Often when you are talking about a standalone ice maker you are really talking about something called "clear ice". Needless to say, these ice makers produce perfectly clear ice that tastes amazing--no white air bubble and no garbage or sediment from your water source.
The way these ice makers work, in general, is to run water over a plate or shoot water into a "bell" that is cooled by a refrigerant. Since the surface is freezing, the running water will eventually begin to freeze in slow layers and the heavy sediment just gets pushed away by the water. So what you end up with is perfectly clear, pure ice.
Rather than just wasting all the water that runs over the plate but doesn't ice up right away, a recirculating pump pushes the water back up over the tray. Once the thermistor by the plate registers that it is cold enough, it reverses the flow of the refrigerant in the system, simultaneously defrosting the system and heating the plate up. When the plate gets hot enough, the ice melts where it is touching the plate and then slides down the incline to a wire grid that melts its way through the clear sheet of ice-creating perfect cubes of amazing clear ice.
In the models that use jets to force the water up into a refrigerated "bell" shape, the same thing happens when the refrigerant is reversed. The bell becomes hot and melts the first layer of ice and gravity drops the ice bells into the bucket--no cutting needed.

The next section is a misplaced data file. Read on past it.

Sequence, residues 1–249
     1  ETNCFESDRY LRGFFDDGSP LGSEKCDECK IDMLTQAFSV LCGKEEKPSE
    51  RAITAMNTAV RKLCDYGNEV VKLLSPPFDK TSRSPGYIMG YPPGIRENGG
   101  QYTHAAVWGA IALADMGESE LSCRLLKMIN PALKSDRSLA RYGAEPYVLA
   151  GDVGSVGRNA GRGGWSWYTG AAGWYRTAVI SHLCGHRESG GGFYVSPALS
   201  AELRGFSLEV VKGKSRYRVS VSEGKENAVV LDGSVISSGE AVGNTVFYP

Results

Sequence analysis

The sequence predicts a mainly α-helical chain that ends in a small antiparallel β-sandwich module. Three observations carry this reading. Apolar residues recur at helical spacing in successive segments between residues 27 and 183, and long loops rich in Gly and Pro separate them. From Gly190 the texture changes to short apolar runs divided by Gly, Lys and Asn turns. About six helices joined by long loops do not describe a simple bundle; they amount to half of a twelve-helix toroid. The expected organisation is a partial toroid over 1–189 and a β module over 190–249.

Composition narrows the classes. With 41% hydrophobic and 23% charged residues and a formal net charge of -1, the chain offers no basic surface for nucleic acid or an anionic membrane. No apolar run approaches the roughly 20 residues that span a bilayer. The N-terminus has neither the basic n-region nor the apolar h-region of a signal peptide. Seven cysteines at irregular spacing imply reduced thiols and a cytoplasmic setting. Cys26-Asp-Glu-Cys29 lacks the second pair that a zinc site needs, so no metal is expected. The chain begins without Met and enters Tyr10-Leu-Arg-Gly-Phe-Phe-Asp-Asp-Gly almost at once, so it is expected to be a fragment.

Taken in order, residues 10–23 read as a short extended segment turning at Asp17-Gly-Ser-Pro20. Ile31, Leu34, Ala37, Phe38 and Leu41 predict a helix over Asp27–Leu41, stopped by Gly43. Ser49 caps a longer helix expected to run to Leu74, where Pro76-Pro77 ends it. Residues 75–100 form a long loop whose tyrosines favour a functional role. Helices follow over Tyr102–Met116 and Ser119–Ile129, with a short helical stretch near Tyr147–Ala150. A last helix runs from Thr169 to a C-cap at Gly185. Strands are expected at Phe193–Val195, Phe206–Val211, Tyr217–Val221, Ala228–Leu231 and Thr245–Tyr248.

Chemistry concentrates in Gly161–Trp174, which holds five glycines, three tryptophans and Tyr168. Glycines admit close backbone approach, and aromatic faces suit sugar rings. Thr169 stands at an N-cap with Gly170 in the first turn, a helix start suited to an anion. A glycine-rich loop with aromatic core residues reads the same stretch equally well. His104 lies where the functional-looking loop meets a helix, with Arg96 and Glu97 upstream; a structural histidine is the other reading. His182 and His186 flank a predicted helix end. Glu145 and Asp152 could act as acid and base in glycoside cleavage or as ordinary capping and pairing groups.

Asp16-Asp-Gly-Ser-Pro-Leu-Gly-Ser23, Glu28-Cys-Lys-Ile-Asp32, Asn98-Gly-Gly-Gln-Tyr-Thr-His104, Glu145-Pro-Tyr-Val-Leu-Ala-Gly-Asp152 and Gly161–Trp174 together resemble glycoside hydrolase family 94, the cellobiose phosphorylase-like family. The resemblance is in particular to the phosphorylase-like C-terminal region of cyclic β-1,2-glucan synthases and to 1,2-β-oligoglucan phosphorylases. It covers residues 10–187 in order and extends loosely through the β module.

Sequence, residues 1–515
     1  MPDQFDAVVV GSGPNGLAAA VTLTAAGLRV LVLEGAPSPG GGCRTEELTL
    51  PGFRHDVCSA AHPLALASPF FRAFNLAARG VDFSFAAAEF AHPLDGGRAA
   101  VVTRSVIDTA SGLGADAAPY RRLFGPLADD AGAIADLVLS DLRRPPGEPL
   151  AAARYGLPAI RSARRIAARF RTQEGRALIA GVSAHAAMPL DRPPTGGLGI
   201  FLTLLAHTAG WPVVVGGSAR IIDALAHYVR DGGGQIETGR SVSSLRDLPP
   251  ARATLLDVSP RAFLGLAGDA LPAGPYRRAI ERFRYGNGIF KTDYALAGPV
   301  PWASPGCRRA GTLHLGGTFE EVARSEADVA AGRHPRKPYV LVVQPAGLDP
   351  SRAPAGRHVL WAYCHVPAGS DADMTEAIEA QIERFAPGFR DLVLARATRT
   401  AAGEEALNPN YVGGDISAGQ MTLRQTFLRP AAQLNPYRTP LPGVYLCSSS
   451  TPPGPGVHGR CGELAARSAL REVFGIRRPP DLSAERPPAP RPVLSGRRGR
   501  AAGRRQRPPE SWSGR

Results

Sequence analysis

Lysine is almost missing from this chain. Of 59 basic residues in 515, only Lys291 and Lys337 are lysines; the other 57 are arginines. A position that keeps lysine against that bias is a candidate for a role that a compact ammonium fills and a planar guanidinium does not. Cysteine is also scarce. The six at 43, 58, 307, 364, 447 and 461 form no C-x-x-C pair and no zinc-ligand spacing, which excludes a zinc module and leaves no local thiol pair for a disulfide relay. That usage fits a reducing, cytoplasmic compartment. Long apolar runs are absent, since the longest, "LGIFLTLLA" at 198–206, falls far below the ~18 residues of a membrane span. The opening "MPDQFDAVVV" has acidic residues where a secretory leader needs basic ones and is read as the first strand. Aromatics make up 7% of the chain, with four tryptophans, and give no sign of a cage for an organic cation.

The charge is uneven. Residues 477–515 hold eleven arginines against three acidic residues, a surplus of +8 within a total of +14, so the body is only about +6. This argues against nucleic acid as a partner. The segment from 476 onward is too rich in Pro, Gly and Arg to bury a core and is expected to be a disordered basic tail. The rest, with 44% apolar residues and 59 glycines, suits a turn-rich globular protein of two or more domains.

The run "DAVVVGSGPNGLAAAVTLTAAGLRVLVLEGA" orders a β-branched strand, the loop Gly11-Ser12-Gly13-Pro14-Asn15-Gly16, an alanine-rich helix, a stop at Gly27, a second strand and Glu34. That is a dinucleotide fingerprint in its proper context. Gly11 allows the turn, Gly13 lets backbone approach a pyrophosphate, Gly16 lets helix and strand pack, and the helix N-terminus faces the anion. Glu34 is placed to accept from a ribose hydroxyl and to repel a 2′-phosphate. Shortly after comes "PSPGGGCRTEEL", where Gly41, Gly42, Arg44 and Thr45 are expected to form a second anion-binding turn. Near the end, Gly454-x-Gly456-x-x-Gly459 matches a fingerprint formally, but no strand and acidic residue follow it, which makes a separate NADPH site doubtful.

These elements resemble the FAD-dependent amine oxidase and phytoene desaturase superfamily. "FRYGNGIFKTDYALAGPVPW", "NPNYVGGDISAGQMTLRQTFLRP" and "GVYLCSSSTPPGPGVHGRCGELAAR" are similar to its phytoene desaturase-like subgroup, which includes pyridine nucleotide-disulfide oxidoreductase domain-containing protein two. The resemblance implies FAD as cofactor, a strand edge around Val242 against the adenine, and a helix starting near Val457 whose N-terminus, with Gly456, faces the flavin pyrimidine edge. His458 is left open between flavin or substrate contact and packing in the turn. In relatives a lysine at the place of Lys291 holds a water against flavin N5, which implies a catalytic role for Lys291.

So while this process is happening, the recirculating pump sits a little bit higher in a reservoir than the bottom. That way, all of the heavy sediment collects in the bottom and only the clean water gets recirculated. When the "harvest" happens and the refrigerant is reversed, the inlet pump runs the entire time. This causes all of the water in the reservoir to rise and push out all of the old water (along with the sediment and other impurities).
The wastewater is then combined with the water from the melted ice and comes out the back of your icemaker. A gravity-drain icemaker requires a floor drain so that the water can just drain out of the unit without needed a pump.
This is almost always the best plan though some people will argue. The reason it is the best plan is that you are completely protected should you be out of town and the power goes out. The melted ice will simply run down the drain. With a pump-drain system, the water collects in a waste reservoir until it reaches a certain level. At that point, the drain pump is activated and the wastewater can be pumped into a drain (under your sink like the dishwasher drain works well). Needless to say, if the electricity goes out, your ice will overflow the reservoir and flood your room or back up until all of your ice is ruined.
The best units come with a drain pump that has a secondary trigger that turns the interior recirculation pump off if the waste reservoir gets too full (say if your drain pump fails).
I have had the pleasure of owning 3 of these clear ice makers in my life and I have built and rebuilt and combined and recombined them and I cannot emphasize enough how great the ice is every time. Granted it's not nugget ice, but it doesn't cost 6 grand either.